Saturday, April 19, 2014
How did you celebrate Record Store Day?
The Specials released a limited edition 7” single as part of Record Store Day that features two previously unreleased dub mixes created at the time of the ‘More Specials’ mixing sessions in 1980 by band drummer John ‘Brad’ Bradbury (Sock It To ‘Em, JB) and by the band's founder Jerry Dammers (Rat Race). Did you grab one? If you did, what do you think? My ska blogging pal (Duff Guide To Ska) and Rude Boy George band mate Steve Shafer was up and out early this morning to procure a copy.
I have to say that I was very excited to see the 2-Tone label spinning round and round on the videos below. Give the videos a spin yourself and play them LOUD!
Wednesday, April 16, 2014
Neville Staple, former singer with The Specials, has posted a video that previews tracks from his new album "Ska Crazy" that will be released on CD and vinyl on May 13th on Cleopatra Records in the U.K. The album is now available to order as a pre-release on Amazon in the U.S. and the U.K.
The 10 track album, which also includes dub remixes. features a mix of originals and covers including a reggae version of the Fun Boy Three classic "The Farmyard Connection" as well as "Time Longer Than Rope," "Hypocrite," "Johnny Too Bad," and "Wet Dream."
Staple announced he was leaving The Specials in late 2012 and has since toured the UK regularly appearing at ska festivals across the country.
Check out the video preview of "Ska Crazy" below.
Thursday, April 10, 2014
The Coachella organizers have been ska boosters. For three our of the last four years, a 2-Tone era ska band was part of the prestigious line-up. In 2010 it was The Specials, who were touring the U.S. for the first time since the early 1980's. In 2012, Madness brought their nutty sounds to the desert festival, and last year it was The Selecter who wowed the crowd with a blazing mid-afternoon set.
There has been no official announcement from Bad Manners about the Coachella cancellation. UK media reported that the band failed to show up for a gig in West Cumbria in mid-March. A sold out house waited for the band to hit the stage, only to be told that the show was cancelled when the band had failed to show by 10:30pm.
Tuesday, April 8, 2014
According to a story in the Birmingham Mail (UK), Everett Morton, the original drummer for The Beat and more recently for Ranking Roger's version of The Beat, has announced he has been fired from Roger's version of the band and started his own band -- Beat Goes Bang -- that will play songs by The Beat, cover version and original material.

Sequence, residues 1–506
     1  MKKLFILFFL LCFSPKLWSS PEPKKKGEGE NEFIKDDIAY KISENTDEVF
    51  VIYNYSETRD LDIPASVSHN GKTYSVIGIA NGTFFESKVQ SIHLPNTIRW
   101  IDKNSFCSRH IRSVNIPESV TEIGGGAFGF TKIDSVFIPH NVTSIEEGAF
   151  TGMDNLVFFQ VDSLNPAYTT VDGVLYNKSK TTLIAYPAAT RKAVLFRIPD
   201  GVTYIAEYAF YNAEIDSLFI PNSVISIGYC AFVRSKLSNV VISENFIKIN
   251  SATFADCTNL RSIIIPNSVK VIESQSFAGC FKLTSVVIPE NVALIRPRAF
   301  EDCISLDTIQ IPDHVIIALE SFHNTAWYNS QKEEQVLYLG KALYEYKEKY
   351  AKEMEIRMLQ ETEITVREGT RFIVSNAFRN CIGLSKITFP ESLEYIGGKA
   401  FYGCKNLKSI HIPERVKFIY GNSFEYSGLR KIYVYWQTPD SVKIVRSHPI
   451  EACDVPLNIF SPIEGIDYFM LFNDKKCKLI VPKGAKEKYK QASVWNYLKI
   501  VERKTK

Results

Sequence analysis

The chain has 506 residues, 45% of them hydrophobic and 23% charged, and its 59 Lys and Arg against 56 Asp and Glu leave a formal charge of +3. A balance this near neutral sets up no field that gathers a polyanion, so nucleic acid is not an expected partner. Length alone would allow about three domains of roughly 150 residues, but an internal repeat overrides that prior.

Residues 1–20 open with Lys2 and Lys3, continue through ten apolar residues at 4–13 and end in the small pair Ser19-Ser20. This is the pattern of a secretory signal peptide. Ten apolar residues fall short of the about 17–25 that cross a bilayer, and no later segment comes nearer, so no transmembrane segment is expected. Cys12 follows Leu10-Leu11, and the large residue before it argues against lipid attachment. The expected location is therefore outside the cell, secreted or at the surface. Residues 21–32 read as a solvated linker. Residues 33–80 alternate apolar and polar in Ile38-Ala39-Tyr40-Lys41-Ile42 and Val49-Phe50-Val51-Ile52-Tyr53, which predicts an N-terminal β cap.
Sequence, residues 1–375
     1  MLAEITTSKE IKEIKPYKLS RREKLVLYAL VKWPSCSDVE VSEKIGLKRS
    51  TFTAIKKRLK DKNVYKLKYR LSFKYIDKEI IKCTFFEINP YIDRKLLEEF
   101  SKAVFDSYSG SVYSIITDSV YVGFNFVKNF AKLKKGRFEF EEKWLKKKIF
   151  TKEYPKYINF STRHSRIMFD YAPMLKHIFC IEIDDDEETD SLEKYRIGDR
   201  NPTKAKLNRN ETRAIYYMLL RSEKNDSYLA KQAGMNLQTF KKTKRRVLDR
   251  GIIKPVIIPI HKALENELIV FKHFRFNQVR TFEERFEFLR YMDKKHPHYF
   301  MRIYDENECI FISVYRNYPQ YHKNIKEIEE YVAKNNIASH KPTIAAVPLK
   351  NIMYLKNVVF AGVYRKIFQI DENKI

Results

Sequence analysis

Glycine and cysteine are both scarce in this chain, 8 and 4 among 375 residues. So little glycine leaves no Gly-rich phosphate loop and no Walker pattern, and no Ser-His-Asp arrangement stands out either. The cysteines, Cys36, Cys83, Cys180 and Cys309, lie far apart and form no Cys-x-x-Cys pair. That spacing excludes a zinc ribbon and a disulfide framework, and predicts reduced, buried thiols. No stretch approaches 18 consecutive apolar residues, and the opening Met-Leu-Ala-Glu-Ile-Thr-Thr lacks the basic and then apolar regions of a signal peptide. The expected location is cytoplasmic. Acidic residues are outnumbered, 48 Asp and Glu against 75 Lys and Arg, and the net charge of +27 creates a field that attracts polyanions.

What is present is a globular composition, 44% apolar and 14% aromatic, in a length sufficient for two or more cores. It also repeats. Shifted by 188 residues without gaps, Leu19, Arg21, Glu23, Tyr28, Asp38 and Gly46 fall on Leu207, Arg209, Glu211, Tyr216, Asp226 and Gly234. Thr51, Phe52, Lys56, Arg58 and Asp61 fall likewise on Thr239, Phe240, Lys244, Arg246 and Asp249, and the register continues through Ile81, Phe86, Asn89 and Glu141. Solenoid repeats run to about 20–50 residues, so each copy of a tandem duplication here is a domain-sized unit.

Morton has recruited former Dexy's Midnight Runners and General Public keyboardist Mickey Billingham, along with guitarist Neil Deathridge, who played with the band from 2003 until 2010 to join him in his new endeavor along with other local Birmingham-based musicians. This means there are now three bands with original members of The Beat performing its songs, Ranking Roger in The Beat, Dave Wakeling in The English Beat and Everett with Beat Goes Bang.
According to the story:
The creation of a new band follows a turbulent few years for Everett, who broke his knee, severely hindering his playing for some time. “I was helping a friend put his caravan away when he fell on me,” Everett explains. “I was ill for nearly a year and I went back to work but just couldn’t manage playing again. Ranking Roger found another drummer while I had a rest for a bit.” But Everett claims there were changes in direction within the band and not long after he returned he says he was sacked. “I wanted to carry on but I was sacked,” says Everett. “I wanted to keep on playing so I started ringing up some of the guys to form a new band,” he says. Responding to the claims, The Beat vocalist Ranking Roger said he retired Everett from the band. He added: “When he broke his knee we got someone in to do the gigs. He was off sick and when he came back it just wasn’t the same. For me it wasn’t the strongest Beat and I just told Everett we should stop working together. I didn’t sack him, I retired him while he was still good.Beat Goes Bang will play its first show at the legendary Hare and Hounds in Birmingham This Friday April 11 and will feature Saxa, The Beat’s original saxophonist.
Monday, April 7, 2014
The Specials have released a re-arranged version of the song "Why?" on their YouTube feed. The song, originally written by guitarist Lynval Golding about being beaten with lead pipes by three skinheads during a radically motivated attack in 1980. The original version of the song was released in 1981 as the B-side of the Ghost Town EP.
The 2014 version has been updated with new lyrics and a dubbed out arrangement courtesy of band drummer John Bradbury. The song was released on YouTube on Friday, April 4th which also happened to be the anniversary of the day that the Reverend Martin Luther King was assassinated in Memphis in 1968.
Friday, April 4, 2014
Its been six years since I launched Marco On The Bass in April 2008 and here I am — 900+ posts and 1,000,000+ page views later — still chugging along, posting news, profiles. interviews, gig alerts and offering all sorts of content about ska, reggae and all its various story lines and off shoots.
To celebrate, I'm releasing a collection of songs that I have recorded over the last few years. The inspiration for these songs comes from my love of all things ska and reggae, but I also wanted to pay my respects to DJ culture and artists like Norman Cook (Fatboy Slim, Beats International), Gorillaz (Damon Albarn) as well as Acid Ska and Big Beat studio artists (Longsy D, Basement Jaxx) who have created unique and entertaining mash-ups that mix sampled vocals and found sounds over traditional reggae and ska bass, guitar and drums. So without further ado, I present to you 'Big Power' for your FREE downloading pleasure. All comments (good, bad or indifferent) are welcome!